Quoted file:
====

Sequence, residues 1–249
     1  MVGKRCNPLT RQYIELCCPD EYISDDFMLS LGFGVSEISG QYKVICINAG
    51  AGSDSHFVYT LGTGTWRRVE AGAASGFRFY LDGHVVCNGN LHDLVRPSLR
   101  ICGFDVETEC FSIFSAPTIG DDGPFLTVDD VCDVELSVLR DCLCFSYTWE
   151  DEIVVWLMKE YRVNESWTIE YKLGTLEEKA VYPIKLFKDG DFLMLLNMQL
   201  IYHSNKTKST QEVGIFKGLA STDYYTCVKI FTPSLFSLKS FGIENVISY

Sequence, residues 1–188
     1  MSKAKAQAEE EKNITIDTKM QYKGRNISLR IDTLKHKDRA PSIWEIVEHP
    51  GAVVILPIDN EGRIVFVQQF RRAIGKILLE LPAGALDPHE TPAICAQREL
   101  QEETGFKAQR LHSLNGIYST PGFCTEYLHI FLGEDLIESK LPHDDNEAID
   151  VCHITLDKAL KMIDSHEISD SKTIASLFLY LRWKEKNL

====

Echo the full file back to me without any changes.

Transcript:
Sequence, residues 1–249
     1  MVGKRCNPLT RQYIELCCPD EYISDDFMLS LGFGVSEISG QYKVICINAG
    51  AGSDSHFVYT LGTGTWRRVE AGAASGFRFY LDGHVVCNGN LHDLVRPSLR
   101  ICGFDVETEC FSIFSAPTIG DDGPFLTVDD VCDVELSVLR DCLCFSYTWE
   151  DEIVVWLMKE YRVNESWTIE YKLGTLEEKA VYPIKLFKDG DFLMLLNMQL
   201  IYHSNKTKST QEVGIFKGLA STDYYTCVKI FTPSLFSLKS FGIENVISY

Sequence, residues 1–188
     1  MSKAKAQAEE EKNITIDTKM QYKGRNISLR IDTLKHKDRA PSIWEIVEHP
    51  GAVVILPIDN EGRIVFVQQF RRAIGKILLE LPAGALDPHE TPAICAQREL
   101  QEETGFKAQR LHSLNGIYST PGFCTEYLHI FLGEDLIESK LPHDDNEAID
   151  VCHITLDKAL KMIDSHEISD SKTIASLFLY LRWKEKNL